How NextNav brings the NIST foundational PNT profile to life

Earlier this month, the National Institute for Standards and Technology (NIST) released an important framework document which sets the stage for implementation of Executive Order 13905 across the Federal government.

By mandating the creation of “PNT profiles”, EO 13905 is designed to set Federal standards for security and performance of Position, Navigation and Timing systems in specific operational use cases.  These security and performance standards will then be used to build future GPS alternative systems which will meet the needs of both industry and government, informing future procurement and policy decisions.

While the NIST document (NISTIR 8323) is not a PNT profile itself, it will certainly influence the way that future PNT profiles are created.  It essentially creates a bridge between the NIST Cybersecurity Framework and forthcoming guidance on how PNT systems should be deployed.

The “framework profile” (as NIST calls it) acts as a checklist for end users of PNT services.  The checklist is divided into five sections, which align with high level themes in the Cybersecurity Framework:  identify, detect, protect, respond, recover.  In each section, NIST offers a series of factors for users of PNT services to consider to minimize security risk.

In the forthcoming PNT profiles, NIST is expected to map industry-specific use cases onto this broader framework.  This is expected to produce tactical steps which end users in the government and private industry can use to design, purchase, and build secure PNT systems.

Implementing the NIST foundational profile with NextNav TerraPoiNT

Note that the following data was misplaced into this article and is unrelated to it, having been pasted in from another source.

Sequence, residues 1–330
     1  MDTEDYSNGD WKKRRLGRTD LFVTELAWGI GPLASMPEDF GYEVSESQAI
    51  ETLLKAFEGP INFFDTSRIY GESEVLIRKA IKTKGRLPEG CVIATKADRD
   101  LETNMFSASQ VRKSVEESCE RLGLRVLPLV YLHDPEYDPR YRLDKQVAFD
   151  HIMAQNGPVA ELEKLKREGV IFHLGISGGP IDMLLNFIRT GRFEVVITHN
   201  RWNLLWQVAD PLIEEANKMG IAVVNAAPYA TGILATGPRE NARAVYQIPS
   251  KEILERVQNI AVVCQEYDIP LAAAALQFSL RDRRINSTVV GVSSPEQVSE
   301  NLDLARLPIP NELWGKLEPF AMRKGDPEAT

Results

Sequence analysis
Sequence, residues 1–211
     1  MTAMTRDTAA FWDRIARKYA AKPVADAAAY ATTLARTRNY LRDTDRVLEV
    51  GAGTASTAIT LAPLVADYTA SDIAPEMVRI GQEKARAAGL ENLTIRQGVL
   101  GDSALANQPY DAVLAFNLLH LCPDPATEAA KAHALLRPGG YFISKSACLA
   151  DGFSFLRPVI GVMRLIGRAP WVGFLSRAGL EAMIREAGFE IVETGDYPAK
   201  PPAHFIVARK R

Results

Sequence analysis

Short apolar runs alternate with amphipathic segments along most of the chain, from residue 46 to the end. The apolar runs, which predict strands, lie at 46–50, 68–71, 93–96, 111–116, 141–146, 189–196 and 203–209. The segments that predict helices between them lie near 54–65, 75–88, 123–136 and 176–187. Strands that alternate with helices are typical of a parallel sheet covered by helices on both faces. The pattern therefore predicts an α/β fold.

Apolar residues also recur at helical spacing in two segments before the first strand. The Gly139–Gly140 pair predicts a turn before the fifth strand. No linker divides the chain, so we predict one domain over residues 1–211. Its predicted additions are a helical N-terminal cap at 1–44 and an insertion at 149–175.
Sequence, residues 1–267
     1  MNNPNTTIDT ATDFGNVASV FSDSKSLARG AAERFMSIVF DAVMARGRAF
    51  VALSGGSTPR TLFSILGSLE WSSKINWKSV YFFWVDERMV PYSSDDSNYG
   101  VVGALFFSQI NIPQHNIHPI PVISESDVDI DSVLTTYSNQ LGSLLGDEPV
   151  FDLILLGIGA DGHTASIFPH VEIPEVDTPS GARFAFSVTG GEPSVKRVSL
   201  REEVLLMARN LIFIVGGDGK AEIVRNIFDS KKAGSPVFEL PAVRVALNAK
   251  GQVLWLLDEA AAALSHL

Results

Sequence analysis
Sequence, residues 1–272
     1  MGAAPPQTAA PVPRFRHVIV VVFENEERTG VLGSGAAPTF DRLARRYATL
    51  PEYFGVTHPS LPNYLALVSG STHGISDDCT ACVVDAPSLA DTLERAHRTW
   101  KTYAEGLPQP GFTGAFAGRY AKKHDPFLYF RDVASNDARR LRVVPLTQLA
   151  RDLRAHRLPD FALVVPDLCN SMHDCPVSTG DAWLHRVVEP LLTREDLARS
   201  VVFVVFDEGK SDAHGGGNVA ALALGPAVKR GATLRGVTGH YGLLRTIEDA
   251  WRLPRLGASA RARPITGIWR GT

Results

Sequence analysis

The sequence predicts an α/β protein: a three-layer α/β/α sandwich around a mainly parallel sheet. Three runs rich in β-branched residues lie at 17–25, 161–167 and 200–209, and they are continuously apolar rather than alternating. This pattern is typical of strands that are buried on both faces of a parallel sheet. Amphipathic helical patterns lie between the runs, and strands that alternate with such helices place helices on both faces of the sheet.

Implementing the NIST foundational profile with NextNav TerraPoiNT

Here at NextNav, we’re already looking at how to operationalize the latest NIST guidance through our TerraPoiNT solution.  In many cases, this foundational profile affirms our approach to security and resilience.

Here’s an example.  On page 82, NIST recommends “mitigation strategies such as PNT source and data path redundancy, diversity, and segmentation to minimize the impacts of PNT disruption or manipulation.”  One of the options listed to achieve this end is a Terrestrial Beacon System (TBS) as specified in the 3GPP TS 36.305.  This includes support for NextNav’s own Metropolitan Beacon System technology, which we call TerraPoiNT.

The framework also recommends PNT systems that employ authentication and encryption of PNT data to preserve integrity and resist GPS spoofing. The TerraPoiNT system supports the use of an encrypted signal in line with the recommendations of this framework.

The guidelines suggest that end users consider PNT service providers which leverage hardened signals along with redundant and fused PNT sources as part of their overall solution design. NextNav’s TerraPoiNT offers all of these elements, helping PNT service providers meet NIST’s recommendations.

Like many in the industry, we’re eagerly awaiting the next phase of this journey:  the tactical PNT profiles which will outline use case-driven steps for both industry and government to consider as they build the next generation of PNT solutions.  NextNav will continue to work closely with the standards community and our industry partners, aiming for the most secure, resilient solutions.